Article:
McCarthy told Republicans in a phone call that Trump admit some responsibility. "I'm not sure what call you're talking about," McCarthy said Thursday. House Republican Minority Leader Kevin McCarthy.Tom Williams/CQ-Roll Call, Inc via Getty Images Kevin McCarthy said Trump told him personally that he bore some responsibility for the Capitol riot. McCarthy made those remarks on a radio show and privately in a phone call with Republicans last year, per CNN. During a news conference on Thursday, McCarthy said he couldn't recall the phone call.  In the days after January 6, House Minority Leader Kevin McCarthy told Republicans in a private phone call that then-President Donald Trump admitted he shares some responsibility for the Capitol riot, according to CNN.But during a news conference on Thursday, McCarthy told reporters that he couldn't recall that phone conversation on January 11, 2021."I'm not sure what call you're talking about," McCarthy said.CNN reported on the phone call at the time, and on Thursday the news outlet obtained a detailed readout of what McCarthy told his Republican colleagues."Let me be clear to you and I have been very clear to the president. He bears responsibility for his words and actions. No if ands or buts," McCarthy told House Republicans on January 11, 2021, according to CNN. "I asked him personally today if he holds responsibility for what happened. If he feels bad about what happened. He told me he does have some responsibility for what happened. But he needs to acknowledge that."McCarthy also said in a local radio interview on January 12, 2021, that Trump "told me personally that he does have some responsibility" for the riot, CNN reported. The House Republican leader has since resisted pinning any blame on Trump for the Capitol riot. The former president has never publicly admit any responsibility for the day's violence.McCarthy's comments surrounding January 6 have come under scrutiny after the House select committee investigating the Capitol riot reached out to him on Wednesday to voluntarily cooperate with the probe. The California Republican rejected the congressional panel's request on Thursday, calling the committee "illegitimate.""As a representative and the leader of the minority party, it is with neither regret nor satisfaction that I have concluded to not participate with this select committee's abuse of power that stains this institution today and will harm it going forward," he said.McCarthy reportedly originally backed the creation of a bipartisan 9/11-style commission to investigate the Capitol riot, yet later withdrew his support because it failed to include civil unrest during the summer of 2020 as part of its investigation, as many Republicans had called for. He has since repeatedly condemned the committee as a partisan tool. McCarthy's office did not immediately return Insider's request for comment.Read the original article on Business Insider.....»»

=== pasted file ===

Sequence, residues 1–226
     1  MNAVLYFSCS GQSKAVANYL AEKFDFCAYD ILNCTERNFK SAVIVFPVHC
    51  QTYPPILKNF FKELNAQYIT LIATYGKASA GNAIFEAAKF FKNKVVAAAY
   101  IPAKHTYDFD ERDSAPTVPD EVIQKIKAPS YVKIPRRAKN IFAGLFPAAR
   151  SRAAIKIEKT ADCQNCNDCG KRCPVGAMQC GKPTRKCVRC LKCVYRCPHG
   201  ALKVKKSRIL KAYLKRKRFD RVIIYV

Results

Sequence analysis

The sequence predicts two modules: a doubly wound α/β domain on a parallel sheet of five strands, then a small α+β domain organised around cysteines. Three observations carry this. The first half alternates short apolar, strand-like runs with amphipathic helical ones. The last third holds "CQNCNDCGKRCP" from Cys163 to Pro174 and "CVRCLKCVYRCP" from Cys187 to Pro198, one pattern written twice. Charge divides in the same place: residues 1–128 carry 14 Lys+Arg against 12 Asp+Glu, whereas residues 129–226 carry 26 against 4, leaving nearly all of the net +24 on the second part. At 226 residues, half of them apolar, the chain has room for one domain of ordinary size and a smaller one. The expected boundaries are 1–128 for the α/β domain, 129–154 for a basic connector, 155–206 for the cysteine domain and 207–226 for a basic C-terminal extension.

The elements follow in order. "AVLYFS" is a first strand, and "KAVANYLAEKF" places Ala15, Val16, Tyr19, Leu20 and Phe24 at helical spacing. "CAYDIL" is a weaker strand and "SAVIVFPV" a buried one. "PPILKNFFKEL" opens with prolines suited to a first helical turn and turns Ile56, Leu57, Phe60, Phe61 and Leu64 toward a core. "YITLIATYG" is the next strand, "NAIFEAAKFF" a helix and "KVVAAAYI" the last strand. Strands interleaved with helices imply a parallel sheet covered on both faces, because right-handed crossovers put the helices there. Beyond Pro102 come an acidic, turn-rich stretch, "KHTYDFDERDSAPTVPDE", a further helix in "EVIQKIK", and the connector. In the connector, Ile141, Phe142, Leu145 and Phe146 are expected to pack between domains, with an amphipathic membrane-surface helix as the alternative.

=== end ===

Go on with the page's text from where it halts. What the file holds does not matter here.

Category: topSource: BUSINESSINSIDERJan 14th, 2022Related News

Biden"s top economic advisor endorses stock-trading ban for members of Congress despite Pelosi"s opposition, says it would "restore faith in our institutions"